Although far from certain, it is increasingly difficult to see how a Trump war against Iran can be avoided. Trump might not want it, because he knows such a war is likely to split his base, but his top two advisors – Secretary of State
Pompeo and National Security Advisor Bolton – do. They are both unreconstructed neoconservatives who believe that military might is all that’s needed and that allies don’t matter. Bolton, in particular, is on record as advocating for a military assault and “regime change” in Iran. Trump’s acting “Defense” Secretary, Patrick Shanahan, is something of an unknown quantity, but he comes straight out of the military-industrial complex (Boeing), which stands to make a lot of money from such a war.
Trump’s demagogic attacks
Ever the blusterer, Trump made demagogic attacks on the Iran nuclear deal to get himself elected. Once in office, he had to follow through by withdrawing from the deal. That started the ball rolling. Along with that, Trump clashed with and eventually forced out those in his administration who were the real representatives of the mainstream of the US capitalist class. The main ones were former Secretary of Defense Jim Mattis, former National Security Advisor H. R. McMaster, and former Chief of Staff John Kelley – all of who are also retired generals. Once Trump ended the nuclear agreement, he had to impose economic sanctions against Iran, especially against their export of oil.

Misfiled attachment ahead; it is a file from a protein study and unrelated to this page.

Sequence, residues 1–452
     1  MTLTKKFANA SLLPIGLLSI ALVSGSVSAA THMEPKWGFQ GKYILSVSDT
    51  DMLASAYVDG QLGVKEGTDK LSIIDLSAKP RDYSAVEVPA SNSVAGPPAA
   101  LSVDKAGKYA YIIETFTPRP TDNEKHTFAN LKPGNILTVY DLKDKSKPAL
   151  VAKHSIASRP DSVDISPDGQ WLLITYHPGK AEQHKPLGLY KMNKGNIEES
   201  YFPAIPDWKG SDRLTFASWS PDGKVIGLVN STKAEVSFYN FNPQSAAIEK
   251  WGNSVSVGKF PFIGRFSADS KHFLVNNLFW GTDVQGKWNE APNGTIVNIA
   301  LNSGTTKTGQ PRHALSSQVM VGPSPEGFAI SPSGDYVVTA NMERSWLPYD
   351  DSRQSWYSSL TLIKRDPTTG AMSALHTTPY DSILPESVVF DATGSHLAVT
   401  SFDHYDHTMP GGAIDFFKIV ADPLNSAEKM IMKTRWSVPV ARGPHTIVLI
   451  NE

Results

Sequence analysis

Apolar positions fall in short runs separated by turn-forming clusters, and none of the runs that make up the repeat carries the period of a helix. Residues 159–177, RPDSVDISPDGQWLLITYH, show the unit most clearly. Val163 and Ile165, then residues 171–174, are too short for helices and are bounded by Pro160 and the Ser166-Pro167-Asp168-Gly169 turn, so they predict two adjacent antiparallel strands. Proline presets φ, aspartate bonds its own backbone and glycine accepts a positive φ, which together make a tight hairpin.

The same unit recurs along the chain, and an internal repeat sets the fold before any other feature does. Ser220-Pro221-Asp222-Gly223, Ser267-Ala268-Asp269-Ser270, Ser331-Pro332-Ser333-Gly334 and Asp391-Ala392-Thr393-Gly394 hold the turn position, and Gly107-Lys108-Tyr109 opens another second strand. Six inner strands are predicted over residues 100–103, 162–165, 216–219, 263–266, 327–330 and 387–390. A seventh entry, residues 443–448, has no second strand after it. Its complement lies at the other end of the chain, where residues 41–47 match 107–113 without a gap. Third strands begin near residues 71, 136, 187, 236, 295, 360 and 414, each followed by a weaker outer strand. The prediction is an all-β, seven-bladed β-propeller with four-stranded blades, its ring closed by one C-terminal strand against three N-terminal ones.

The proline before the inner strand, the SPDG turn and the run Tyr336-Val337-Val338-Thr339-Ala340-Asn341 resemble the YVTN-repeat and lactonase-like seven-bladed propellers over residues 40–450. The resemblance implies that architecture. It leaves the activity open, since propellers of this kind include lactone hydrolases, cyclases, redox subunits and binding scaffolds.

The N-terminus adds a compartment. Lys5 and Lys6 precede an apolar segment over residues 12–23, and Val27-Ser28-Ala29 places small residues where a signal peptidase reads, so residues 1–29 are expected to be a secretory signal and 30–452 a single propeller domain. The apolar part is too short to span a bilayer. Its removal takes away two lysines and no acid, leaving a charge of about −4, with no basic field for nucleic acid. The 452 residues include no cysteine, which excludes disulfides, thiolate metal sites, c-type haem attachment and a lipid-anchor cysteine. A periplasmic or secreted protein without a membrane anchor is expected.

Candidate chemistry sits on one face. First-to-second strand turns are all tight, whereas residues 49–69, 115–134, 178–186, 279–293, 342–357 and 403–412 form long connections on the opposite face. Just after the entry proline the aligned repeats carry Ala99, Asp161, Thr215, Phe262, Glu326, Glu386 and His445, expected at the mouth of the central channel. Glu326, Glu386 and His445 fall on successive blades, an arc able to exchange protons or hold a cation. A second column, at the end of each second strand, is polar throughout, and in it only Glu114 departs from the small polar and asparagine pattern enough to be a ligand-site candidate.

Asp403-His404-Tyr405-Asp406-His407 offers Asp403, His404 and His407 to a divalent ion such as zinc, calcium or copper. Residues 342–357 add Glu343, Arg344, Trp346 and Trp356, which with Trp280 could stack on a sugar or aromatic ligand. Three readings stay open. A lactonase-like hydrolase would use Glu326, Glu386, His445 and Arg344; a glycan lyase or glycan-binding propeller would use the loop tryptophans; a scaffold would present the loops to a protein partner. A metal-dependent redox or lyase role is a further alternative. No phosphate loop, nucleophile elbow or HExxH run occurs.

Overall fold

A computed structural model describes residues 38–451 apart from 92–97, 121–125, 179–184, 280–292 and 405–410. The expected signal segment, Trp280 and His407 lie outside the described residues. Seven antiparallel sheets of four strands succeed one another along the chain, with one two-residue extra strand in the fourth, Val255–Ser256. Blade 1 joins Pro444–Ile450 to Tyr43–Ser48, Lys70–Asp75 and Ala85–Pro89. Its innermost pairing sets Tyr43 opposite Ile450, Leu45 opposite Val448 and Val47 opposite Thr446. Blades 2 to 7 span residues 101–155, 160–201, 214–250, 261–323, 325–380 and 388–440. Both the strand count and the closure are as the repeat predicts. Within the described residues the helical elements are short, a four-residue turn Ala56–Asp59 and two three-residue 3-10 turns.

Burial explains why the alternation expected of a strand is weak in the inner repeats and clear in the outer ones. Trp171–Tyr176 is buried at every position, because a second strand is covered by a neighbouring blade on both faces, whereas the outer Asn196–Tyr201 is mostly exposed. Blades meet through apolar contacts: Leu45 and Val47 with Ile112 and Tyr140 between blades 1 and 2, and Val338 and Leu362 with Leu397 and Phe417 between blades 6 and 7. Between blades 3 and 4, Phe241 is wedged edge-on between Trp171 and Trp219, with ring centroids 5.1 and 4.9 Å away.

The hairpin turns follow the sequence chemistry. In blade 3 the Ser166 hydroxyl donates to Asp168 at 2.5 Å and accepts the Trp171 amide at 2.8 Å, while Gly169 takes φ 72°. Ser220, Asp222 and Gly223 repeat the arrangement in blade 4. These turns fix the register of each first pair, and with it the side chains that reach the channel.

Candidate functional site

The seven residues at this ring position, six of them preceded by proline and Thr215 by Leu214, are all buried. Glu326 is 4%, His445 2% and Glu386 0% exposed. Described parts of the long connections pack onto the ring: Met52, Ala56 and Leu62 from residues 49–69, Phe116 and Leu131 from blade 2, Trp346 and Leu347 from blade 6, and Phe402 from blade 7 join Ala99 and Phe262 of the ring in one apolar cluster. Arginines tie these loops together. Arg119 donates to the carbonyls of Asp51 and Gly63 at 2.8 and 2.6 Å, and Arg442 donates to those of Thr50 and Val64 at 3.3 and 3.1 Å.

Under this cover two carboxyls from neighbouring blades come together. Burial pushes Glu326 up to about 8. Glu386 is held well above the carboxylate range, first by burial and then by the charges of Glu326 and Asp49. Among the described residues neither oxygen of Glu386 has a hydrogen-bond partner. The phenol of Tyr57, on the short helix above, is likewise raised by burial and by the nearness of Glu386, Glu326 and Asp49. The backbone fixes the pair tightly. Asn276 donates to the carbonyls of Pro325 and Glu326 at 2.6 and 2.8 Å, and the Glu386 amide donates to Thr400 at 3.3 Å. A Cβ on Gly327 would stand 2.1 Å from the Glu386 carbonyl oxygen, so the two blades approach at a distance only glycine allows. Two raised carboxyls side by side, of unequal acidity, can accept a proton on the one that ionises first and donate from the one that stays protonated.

These sanctions were tightened in April of this year, when Pompeo announced that no exceptions would be granted. That meant that any company violating the sanctions would also face similar sanctions. Given the economic and financial importance of US capitalism, few companies anywhere are willing to violate those sanctions. (So much for the capitalists ever considering “right” and “wrong”!)
On Sunday, May 5, Trump announced that he was sending an aircraft carrier strike group to the Persian Gulf.
Then, on May 13, the NY Times reported that at a meeting of Trump’s “top national security aides” several plans were discussed for sending additional troops to the region. Among those plans was one to send 120,000 such troops. (The fact of Trump’s subsequent denial of this shows that he knows how unpopular a war against Iran would be.)
Ten days later (May 23), however, the Wall St. Journal reported that Trump is planning to send up to 3,000 additional troops to the region. (Trump subsequently announced that he was sending 1500.)
Nor can the Iranian regime retreat. President Rouhani’s nuclear deal (the “Joint Comprehensive Plan of Action, or JCPA) with the US, Britain, Russia, France, China, and Germany, met an opposition in Iran similar to that in the US – from ultra reactionary and ultra nationalist “hard liners”. Once Trump reimposed sanctions, it was inevitable that Iranian President Rouhani would restart that country’s nuclear program. And when the sanctions really started to bite, stepping up that program was also inevitable. Now, if the other signatories to the agreement help enforce the sanctions, these same dynamics mean that Rouhani will withdraw from the deal entirely and start enriching nuclear fuel beyond what was called for in the deal. This will start happening soon.